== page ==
In case the headline is confusing you, Arizona played twice today: an afternoon game against Seattle at SRF@TS, and then an evening game over at Scottsdale Stadium against San Francisco. The first game was highlighted by a strong pitching performance from the D-backs, one-hitting the Mariners through the front seven innings, behind a very impressive start from Aaron Heilman, to take the victory 5-3. However, the second game went to the Giants, by the same margin, as the Diamondbacks could only scratch out a couple of runs, losing by the final score of 4-2.
Details of both games after the jump.
If Heilman's first start, on Saturday, was solid, his second was even better, as he simply retired all nine batters he faced. Two were strikeouts, four were ground-outs to the infield, and there were two fly-balls and a line-drive to the outfielders. Kirk Gibson was certainly impressed, saying afterward that Heilman "was awesome. He was pounding the zone. He's certainly going for it." No doubt about that, and you can't argue with his performances to date - even if, as mentioned previously, it is somewhat risky to compare his stats with those of pitchers who may be experimenting with their repertoire. But of the three candidates for the fifth spot, Heilman.
In fact, it's a stark contrast to compare the numbers thrown up by our purported #4, Zach Duke, who started the other end of the double-header, and got slapped around something silly, allowing seven hits and a walk over two innings. That resulted in three runs, and it would have been more, save for Gerardo Parra nailing a runner at the plate in the first - leaving the Giants with a zero, despite posting three hits and a walk. That is a total of twelve hits Duke has allowed in only four innings of work this spring. I imagine we'll hear the expected "It's only spring/I'm just getting my pitches in/I don't look at the numbers" quote from Duke in due course.
Back to this afternoon's game, where Joe Paterson kept the no-hitter going, although the perfecto left the building with one out, on a throwing error by Geoff Blum. And the no-hitter followed with Kevin Mulvey's first batter in the fifth, who singled to right. A wild pitch and a walk followed, but no damage resulted to the score. Sam Demel and Leyson Septimo followed up with hitless innings, though the former allowed a walk. That completed seven near impeccable innings for Arizona - total allowed by our pitchers, one single and two walks.
The eighth and ninth...not so much. In fact, Matt Gorgen matched the total from the front seven, all by himself in the eighth inning. Unfortunately, while the second hit of the afternoon was also a single, it drove in two runs, because the bases were loaded at that point, courtesy of two walks and a Tony Abreu error. Rafael Rodriguez almost got out of the ninth, but the pesky third out proved troublesome, and only came after he allowed a two out triple, RBI double and hit batter.
On offense, Juan Miranda got the Diamondbacks on the board in the fourth with his first home-run of spring, driving in Justin Upton as well. Upton was responsible for driving in our third run, his double in the fifth, scoring Willie Bloomquist from second. And after the Mariners had made it a one-run game in the top of the eighth, Arizona responded with two runs of their own in the bottom half, Paul Goldschmidt drove in his fourth and fifth Cactus League runs with a pinch-hit single. Miranda had two walks in addition to the home-run, and A.J. Pollock had two hits and a walk; Wily Mo Pena added a couple of knocks.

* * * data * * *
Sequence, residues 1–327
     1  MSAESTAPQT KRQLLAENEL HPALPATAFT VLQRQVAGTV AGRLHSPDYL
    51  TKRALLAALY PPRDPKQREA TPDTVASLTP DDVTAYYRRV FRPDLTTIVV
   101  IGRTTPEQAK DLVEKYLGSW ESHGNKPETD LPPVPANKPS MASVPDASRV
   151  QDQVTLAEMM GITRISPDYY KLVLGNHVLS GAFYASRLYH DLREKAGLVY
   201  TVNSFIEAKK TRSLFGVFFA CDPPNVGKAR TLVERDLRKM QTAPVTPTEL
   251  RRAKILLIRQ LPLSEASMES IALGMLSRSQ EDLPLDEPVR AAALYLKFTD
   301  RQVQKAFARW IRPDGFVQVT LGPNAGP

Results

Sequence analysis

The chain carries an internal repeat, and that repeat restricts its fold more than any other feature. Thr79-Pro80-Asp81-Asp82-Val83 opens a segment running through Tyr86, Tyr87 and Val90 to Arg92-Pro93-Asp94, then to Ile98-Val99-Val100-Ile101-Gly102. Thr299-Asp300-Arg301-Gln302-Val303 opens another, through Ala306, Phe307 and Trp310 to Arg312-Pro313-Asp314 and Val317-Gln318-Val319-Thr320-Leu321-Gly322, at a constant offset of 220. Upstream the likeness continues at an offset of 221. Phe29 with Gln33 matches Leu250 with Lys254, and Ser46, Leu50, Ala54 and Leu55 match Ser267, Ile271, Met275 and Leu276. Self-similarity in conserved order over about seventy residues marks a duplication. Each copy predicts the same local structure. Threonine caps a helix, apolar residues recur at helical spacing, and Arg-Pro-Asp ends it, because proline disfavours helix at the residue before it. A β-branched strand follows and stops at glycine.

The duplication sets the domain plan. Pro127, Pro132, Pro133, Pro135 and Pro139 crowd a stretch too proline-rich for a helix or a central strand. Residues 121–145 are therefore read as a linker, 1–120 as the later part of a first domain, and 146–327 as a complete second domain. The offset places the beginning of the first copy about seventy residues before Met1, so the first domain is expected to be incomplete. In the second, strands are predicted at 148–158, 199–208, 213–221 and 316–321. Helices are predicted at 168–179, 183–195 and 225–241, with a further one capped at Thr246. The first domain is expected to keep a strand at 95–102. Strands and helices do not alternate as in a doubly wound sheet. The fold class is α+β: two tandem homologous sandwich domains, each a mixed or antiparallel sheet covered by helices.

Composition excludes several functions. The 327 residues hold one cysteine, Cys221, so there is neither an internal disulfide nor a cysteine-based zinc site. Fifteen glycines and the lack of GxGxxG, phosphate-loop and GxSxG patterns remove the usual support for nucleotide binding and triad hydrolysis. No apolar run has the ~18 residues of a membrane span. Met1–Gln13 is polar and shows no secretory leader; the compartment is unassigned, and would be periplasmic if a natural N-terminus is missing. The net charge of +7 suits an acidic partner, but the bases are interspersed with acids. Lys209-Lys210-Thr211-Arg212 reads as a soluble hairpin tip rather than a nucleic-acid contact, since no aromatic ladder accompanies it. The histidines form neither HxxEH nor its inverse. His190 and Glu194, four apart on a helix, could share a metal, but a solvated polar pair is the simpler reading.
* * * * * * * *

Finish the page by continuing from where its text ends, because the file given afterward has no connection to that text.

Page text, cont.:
In the night-cap, after the departure of Duke, things calmed down a bit, fortunately. Micah Owings' second appearance was an awful lot better than his first. After a lead-off single, he got Mark DeRosa and Pablo the Buffet Slayer swinging, then froze Nate Schierholtz to strike out the side. Josh Collmenter was almost as impressive, and would probably have had a 1-2-3 inning, if not for a Stephen Drew throwing error: he finished with two K's and no hits or walks in his frame.
Yonata Ortega had a scoreless fifth and Daniel Stange the same in the seventh. Though, in between those guys, Jordan Norberto allowed two doubles and a walk, leading to a San Francisco run in the sixth. Potential eighth-inning guy David Hernandez might have been getting some practice in, for he worked the eighth and posted his third zero of the season, though allowed his first knock. All told, that was just four hits, two walks and a single run, over six innings after the departure of Duke, so a good day for most of our pitchers.
The offense was kept quiet after going ahead in the second inning, courtesy of a Miguel Montero RBI single. While we scored again in the third, Russell Branyan driving in Melvin Mora, that was it for Diamondbacks scoring, largely because we went 3-for-12 with runners in scoring position. Branyan had two of Arizona's eight hits, with Kelly Johnson also reaching twice, on a walk and a single. In total, we struck out eleven times against three walks, and as in the afternoon, committed two errors, here on throws by Montero and Drew - seems to have been a lot of those so far this spring.
Tomorrow, the team finally moves outside the cozy confines of Scottsdale, heading over to Peoria for a game against the Padres. Schedule to pitch: Daniel Hudson, Jarrod Parker, Kam Mickolio, Esmerling Vasquez, Carlos Rosa, Brian Sweeney, David Hernandez.